Zach Lieberman in collaboration with Molmol Kuo and Marcela Godoy created Connecting Light along the Hadrian's Wall World Heritage Site in Britain. The work was a part of the 2012 London Cultural Olympiad, an arts and culture festival that was held alongside that year's Olympic Games. Artists from across the globe were invited to create new artworks for the event. YesYesNo, Lieberman's collective with Kuo and Godoy, created around 400 six-foot wide weather balloons that were stationed along the perimeter of the wall. Each balloon was rigged with LED lights, which were powered by radio transmitters. Audiences could then light up the LEDs in the installation by sending text messages via the Connecting Light mobile app or website. The messages would be transmitted between each balloon through the radio devices and be represented as sequences of pulsating color and light. The messages travelled down the chain to each balloon reaching the entire 72-mile long wall.
Hadrian's Wall is a monument from the Roman Empire's border in Great Britain and Lieberman's installation there remains one of the largest outdoor installations in history. Liz Presson of Digi explains how Lieberman formulated this expansive project:
"Zach was approached by the London organizational committee for the Olympic games. He was tasked to respond to Hadrian’s wall with a project that would engage people who are both physically there and who are watching remotely. When Zach went to London to visit the wall, he realized a very symbolic connection between the wall and the Olympics– the wall representing what was once a border and the Olympics being an extension of borders. He responded by creating a communications infrastructure that would allow people, anywhere to send messages along the wall." Presson, Liz (2012, Aug. 9) Internet of Things Expert: Zachary Lieberman
The work creates a platform for interpersonal communication in and around a space that historically represents a divide in community and connections. The work is in opposition of the concept of borders and is meant to bring this expansive landscape into a new context of camaraderie. Linda Tutiett, a representative from Hadrian's Wall World Heritage Site spoke to BBC in preparation of the work's debut:
"We want people to think about Hadrian's Wall in a fresh new light, we want to build an audience for the wall who will care about it for the future. This is one way of getting people to think about some of the world's most amazing heritage, but to do so in such a brilliantly modern way is really going to put the spotlights on Hadrian's Wall Country from all over the world." (2012, Sept. 1) Hadrian's Wall borders connected through light
There is something inherently beautiful about the concept of the Olympics. Countries from around the world come together to create a common ground through sports and YesYesNo found a way to truly embody the ethos of these bi-annual games. The massive scale of the work in the context of the Hadrian's Wall World Heritage Site further exemplifies the importance of international communication making Lieberman's installation highly successful.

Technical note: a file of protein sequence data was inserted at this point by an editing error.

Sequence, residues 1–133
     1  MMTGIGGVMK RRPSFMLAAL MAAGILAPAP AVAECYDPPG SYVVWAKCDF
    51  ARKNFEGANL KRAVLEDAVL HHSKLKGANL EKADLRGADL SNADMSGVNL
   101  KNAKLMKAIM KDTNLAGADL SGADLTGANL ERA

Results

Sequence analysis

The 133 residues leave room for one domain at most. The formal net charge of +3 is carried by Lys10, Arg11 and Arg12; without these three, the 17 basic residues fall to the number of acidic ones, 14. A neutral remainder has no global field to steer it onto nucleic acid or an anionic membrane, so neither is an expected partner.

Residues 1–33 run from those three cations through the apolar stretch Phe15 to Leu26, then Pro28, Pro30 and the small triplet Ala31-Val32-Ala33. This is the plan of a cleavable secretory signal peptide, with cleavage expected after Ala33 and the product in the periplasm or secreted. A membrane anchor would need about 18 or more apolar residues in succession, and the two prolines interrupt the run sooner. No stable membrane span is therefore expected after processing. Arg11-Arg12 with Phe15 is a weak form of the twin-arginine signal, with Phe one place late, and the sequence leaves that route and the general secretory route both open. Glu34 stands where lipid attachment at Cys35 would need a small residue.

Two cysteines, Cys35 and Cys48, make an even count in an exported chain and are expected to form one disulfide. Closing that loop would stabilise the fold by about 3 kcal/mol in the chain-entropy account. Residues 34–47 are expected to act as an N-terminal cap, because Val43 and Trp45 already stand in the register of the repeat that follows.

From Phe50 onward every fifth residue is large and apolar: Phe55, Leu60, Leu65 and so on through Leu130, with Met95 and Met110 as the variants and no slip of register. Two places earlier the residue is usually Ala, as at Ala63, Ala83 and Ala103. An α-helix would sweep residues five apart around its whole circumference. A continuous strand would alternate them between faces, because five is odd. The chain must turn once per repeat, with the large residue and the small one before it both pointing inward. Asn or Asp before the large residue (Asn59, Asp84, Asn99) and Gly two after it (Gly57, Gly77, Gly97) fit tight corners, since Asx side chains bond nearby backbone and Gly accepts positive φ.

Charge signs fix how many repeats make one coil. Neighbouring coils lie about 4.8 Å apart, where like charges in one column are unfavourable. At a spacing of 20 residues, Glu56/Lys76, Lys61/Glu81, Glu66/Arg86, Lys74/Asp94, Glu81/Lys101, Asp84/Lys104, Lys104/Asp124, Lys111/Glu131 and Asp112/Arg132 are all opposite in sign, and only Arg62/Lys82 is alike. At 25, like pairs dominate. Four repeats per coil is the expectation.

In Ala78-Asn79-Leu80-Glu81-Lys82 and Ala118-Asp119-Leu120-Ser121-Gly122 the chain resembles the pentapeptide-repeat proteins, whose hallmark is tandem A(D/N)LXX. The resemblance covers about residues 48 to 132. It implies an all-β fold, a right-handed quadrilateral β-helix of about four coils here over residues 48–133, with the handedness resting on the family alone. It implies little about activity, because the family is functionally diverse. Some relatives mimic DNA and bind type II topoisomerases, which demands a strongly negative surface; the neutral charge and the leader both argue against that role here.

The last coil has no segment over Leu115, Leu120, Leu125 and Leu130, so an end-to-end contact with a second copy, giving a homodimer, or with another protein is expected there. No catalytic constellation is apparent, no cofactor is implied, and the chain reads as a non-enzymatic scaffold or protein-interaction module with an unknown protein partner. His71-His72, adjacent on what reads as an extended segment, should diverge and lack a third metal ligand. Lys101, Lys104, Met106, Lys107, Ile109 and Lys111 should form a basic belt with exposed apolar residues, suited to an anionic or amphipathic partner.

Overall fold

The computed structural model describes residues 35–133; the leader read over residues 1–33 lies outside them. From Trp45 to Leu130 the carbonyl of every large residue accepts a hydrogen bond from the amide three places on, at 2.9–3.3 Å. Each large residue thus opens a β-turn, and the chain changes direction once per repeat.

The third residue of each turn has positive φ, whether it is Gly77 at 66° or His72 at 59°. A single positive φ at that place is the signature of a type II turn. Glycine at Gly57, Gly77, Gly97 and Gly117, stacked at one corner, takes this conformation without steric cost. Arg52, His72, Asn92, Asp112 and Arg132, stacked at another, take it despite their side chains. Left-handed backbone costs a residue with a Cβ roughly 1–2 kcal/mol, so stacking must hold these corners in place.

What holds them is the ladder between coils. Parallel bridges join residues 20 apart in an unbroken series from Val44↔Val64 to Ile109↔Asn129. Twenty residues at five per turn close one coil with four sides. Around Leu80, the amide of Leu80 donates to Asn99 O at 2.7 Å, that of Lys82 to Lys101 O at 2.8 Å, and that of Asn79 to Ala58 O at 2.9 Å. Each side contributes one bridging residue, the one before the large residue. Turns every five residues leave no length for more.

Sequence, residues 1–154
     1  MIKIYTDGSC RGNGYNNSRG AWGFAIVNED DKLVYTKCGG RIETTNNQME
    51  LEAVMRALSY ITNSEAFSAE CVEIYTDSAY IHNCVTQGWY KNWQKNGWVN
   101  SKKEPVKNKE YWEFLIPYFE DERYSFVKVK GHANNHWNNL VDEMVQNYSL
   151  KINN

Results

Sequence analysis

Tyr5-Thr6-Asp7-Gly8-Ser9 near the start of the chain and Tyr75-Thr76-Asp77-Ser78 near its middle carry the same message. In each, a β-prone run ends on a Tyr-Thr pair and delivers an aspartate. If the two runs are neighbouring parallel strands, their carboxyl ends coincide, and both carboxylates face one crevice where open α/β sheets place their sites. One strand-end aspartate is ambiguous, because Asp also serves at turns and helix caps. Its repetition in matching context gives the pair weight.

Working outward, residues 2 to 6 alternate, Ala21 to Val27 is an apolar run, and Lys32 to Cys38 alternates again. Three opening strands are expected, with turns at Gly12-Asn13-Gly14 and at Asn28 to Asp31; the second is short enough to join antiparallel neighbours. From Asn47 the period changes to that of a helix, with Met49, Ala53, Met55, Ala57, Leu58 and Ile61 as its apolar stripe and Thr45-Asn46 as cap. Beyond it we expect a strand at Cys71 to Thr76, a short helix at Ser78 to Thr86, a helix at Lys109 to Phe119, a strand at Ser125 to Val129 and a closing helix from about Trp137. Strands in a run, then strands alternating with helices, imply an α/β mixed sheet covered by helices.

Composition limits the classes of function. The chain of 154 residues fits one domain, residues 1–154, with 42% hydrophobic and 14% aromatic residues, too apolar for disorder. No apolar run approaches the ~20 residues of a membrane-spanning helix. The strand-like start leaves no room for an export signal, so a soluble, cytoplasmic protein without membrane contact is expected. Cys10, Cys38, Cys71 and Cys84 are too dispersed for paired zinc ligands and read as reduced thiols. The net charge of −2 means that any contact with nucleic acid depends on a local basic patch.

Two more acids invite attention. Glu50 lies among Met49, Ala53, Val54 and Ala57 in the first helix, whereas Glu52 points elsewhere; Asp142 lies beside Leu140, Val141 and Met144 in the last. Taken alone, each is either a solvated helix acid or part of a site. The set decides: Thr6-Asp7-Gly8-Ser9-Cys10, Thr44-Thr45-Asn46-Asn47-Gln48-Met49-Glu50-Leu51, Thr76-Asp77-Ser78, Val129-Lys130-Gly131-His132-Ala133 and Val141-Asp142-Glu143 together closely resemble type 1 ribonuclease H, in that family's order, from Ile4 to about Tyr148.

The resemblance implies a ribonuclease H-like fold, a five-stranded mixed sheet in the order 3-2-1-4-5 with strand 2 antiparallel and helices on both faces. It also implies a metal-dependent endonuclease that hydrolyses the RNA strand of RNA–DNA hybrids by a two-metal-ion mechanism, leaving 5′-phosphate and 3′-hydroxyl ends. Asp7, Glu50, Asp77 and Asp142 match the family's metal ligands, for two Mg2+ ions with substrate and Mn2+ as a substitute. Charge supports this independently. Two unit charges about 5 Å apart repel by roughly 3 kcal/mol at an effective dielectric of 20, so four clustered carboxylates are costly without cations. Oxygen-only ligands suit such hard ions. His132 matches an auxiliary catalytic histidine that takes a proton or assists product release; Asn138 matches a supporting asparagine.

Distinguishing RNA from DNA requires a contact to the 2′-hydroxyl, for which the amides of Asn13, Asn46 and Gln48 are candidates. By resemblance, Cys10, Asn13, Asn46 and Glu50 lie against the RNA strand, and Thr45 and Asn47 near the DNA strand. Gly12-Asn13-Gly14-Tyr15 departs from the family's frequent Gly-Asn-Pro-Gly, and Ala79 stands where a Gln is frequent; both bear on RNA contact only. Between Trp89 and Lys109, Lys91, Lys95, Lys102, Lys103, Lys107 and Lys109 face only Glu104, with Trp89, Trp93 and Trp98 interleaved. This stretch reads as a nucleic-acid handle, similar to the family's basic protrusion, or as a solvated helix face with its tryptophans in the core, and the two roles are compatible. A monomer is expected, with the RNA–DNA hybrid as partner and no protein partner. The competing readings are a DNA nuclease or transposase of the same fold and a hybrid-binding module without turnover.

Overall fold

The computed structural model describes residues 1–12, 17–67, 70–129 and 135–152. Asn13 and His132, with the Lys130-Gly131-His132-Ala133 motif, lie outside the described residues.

Connecting Light was not the first large-scale installation done by Zach Lieberman and his team. In 2009, YesYesNo created a different commemorative work for the opening of the Ars Electronica Museum in Linz, Austria. The audio-visual performance titled Lights On also included pulsating lights. The team installed 1085 LED controllable windows and manipulated the color display live through music. Although the delivery and initial context of Lights On and Connecting Light are very similar, the Cultural Olympiad installation carries a bit heavier substance. This isn't to say that the Ars Electronica Museum is of less importance. The museum and its opening celebrated 30 years of the longest running and most significant art and technology festival in the world. It also signifies a distinct tradition of collaboration between the two fields. But, Lieberman and his team took on a much deeper, historical conversation about international communication in Connecting Light. The interactivity, participation, and location is so rich in context that it goes as far as transcending its preliminary relationship with the Olympics.
On another note, Connecting Light and Lights On are both rather non-replicable due to their scale and commemorative nature. Despite this, Lieberman made the nuts and bolts of each project open source, so that others have the opportunity to replicate, reconfigure, and recontextualize the technology in a different way. The notion of open source is a key pillar for Lieberman's work. He is a co-founder of OpenFrameworks, an open-source C++ library and tool kit for creative coding. Open source artwork is a shared interest of many other new media artists, such as Kyle McDonald. McDonald created Sharing Faces in 2013 and shares his collaborative source code via GitHub. This installation was simultaneously shown in Anyang, Korea and Yamaguchi, Japan. When a visitor approached the installation, the work would attempt to match your position and expression with another visitor who had visited the installation and display it in real time. This was done while concurrently collecting photos of visitors. Each visitor was then being shuffled through as a reflection of another. This work is much smaller in scale compared to Connecting Light, yet the connections it created were not. Much like Connecting Light, Sharing Faces worked without borders drawing people from different countries together in a unique and immediate way. McDonald's position of sharing the code for his work allows more connections to be created in even more places across the world.